Queers for Capitalism
by Ari Armstrong
[This article originally appeared in the December 18, 2003 edition of Boulder Weekly.]
I was enjoying a balmy day December 2, waiting for the bus, when a car full of young kids drove past. A guy stuck his head out the back window, leered at me, and shouted, "Fuck you, you fucking faggot!"
I don't know if the kid really thought I was gay, or if he was using that term as a generic pejorative. Regardless, it occurred to me that, if I were gay, I likely would have endured those sorts of insults all my life.
Coincidentally, the evening before my bus ride, I had started reading Ayn Rand, Homosexuality, and Human Liberation, a new monograph by Chris Matthew Sciabarra initiated by Sense of Life Objectivists (www.solohq.com).
The release of Sciabarra's newest work is perfectly timed with the debate over gay marriage. While he deals with the struggle of homosexuals to find acceptance within one particular intellectual community, surely the stories he describes mirror the wider movement.
Both left and right would benefit from reading the monograph, because it helps break down stereotypes of homosexuals fostered by both left and right. As Sciabarra describes, many gays have come to appreciate Objectivism -- the philosophical system founded by Ayn Rand -- because it encourages independent thinking and personal happiness. At the same time, Rand (who was born in Russia) rejected the socialism of the left and "advocated laissez-faire capitalism, which barred coercion and the initiation of force in social relations."
That doesn't mean it's appropriate to conflate Objectivist homosexuals with the "gay right." While some gay groups (Log Cabin Republicans) and writers might be considered to be on the "right," it's a stretch to so count other groups that champion causes such as economic liberty. Pink Pistols, a gay self-defense group, promotes a cause I have argued is profoundly liberal. The Rattigan Society was created to discuss Objectivism and push for acceptance of gays within the Objectivist community.
As Sciabarra notes, libertarian intellectuals "seek to transcend left and right, overturning a tired politically correct framework, which has no tolerance for genuine diversity." According to Sciabarra (also the author of Ayn Rand: The Russian Radical), Rand's "literary and philosophical legacy... offers a fundamentally radical alternative: an uplifting portrait of the human potential for greatness, unencumbered by personal, cultural, or political forms of oppression."
Sciabarra takes to task Richard Goldstein for his 2002 book, The Attack Queers, which itself attacks the "gay right." Sciabarra believes Goldstein paints a "monolithic" portrait of the gay movements that is "oblivious to their individualist roots in classical liberalism." Goldstein "labels himself 'progressive,' but there is nothing 'progressive' about the collectivism, tribalism, or statism that he reveres."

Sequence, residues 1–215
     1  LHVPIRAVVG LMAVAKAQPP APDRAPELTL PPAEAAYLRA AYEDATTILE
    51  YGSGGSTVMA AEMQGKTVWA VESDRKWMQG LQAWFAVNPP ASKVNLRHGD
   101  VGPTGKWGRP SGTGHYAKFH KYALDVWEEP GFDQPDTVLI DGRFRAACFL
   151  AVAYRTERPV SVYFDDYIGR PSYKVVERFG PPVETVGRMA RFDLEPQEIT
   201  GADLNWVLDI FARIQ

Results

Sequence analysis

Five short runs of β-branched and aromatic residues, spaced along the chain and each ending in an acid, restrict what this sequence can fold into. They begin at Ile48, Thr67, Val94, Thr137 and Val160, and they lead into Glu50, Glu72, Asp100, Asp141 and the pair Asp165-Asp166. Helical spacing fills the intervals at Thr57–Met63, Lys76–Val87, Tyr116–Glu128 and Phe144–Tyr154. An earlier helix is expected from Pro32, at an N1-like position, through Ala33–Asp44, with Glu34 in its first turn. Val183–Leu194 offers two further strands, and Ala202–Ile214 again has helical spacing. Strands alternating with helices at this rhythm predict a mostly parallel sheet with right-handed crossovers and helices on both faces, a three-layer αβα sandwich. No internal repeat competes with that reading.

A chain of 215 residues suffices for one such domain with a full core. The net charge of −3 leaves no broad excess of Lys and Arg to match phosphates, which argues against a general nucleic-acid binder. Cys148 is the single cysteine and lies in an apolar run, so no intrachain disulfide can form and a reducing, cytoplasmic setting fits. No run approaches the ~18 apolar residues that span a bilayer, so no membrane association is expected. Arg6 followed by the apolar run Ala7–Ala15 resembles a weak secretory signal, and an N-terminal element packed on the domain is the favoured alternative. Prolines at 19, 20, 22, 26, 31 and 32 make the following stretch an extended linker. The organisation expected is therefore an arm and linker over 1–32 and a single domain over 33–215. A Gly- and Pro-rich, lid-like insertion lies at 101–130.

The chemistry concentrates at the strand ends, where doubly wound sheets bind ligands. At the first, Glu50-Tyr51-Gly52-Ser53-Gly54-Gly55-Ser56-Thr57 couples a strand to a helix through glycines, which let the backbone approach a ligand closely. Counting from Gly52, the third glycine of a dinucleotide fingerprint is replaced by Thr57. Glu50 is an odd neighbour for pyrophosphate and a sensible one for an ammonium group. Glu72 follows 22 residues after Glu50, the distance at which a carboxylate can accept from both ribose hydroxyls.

In a 2000 address to the Libertarian Party of Colorado, David Boaz, executive vice president of the Cato Institute, helped motivate me to stick up for gay rights. Boaz, who is gay, is one of the leaders of the free-market movement.
In Colorado and nationally, we tend to see the reaction against gay rights as led by the religious right, as represented by Congresswoman Marilyn Musgrave and State Representative Dave Schultheis. Sciabarra's work demonstrates that animosity toward gays is limited neither to the religious nor to the right.
Objectivists are atheists, yet Rand herself, to her discredit, once said homosexuality is "disgusting" and rooted in "psychological immorality." Yet Sciabarra has also run across Marxist homophobes. He points out "it was the Marxists who once argued that homosexuality was some sort of aberration," and "Communists used gulags and psychological 'reconditioning'... to stamp out homosexuality."
At the same time, many Christians are openly accepting of homosexuality. For example, Terry Zimmerman of the First Christian Church in Boulder is involved with Colorado Clergy for Equality in Marriage. He distanced himself from the right: "I don't want people to think that all [Christian] people and all churches necessarily feel that way."
However, while both the Old and New Testaments condemn homosexuality, Objectivism's promotion of reason and self-actualization has made for a quicker, more complete acceptance of homosexuals. Sciabarra describes the shift from Rand's anti-gay comments in 1971 to the wide (but not universal) acceptance of gays among Objectivists today.
In his foreword, Lindsay Perigo, the openly gay founder of Sense of Life Objectivists, wonders of Rand's anti-gay statements, "How could this arch-advocate of reason say something so monstrously unreasonable? How could this arch-advocate of objectivity -- of applying logic to empirical evidence -- so blatantly ignore both and give such boorish vent to such ill-informed nonsense?"
Sciabarra provides some good answers to why a substantial number of homosexuals take an interest in Rand's ideas even as they dismiss her homophobia. At least Rand opposed any law that would discriminate against homosexuals. Rand championed individualism, the right to personal happiness, independent thinking, and reasoned rebelliousness. At the same time, Rand created complex and intimate relationships among male characters in her novels.
Sciabarra summarizes, "Rand's heirs include... even those who have 'disowned' her formal philosophy or her 'homophobia,' for the very assertion of individual authenticity remains an expression of core Objectivist principles."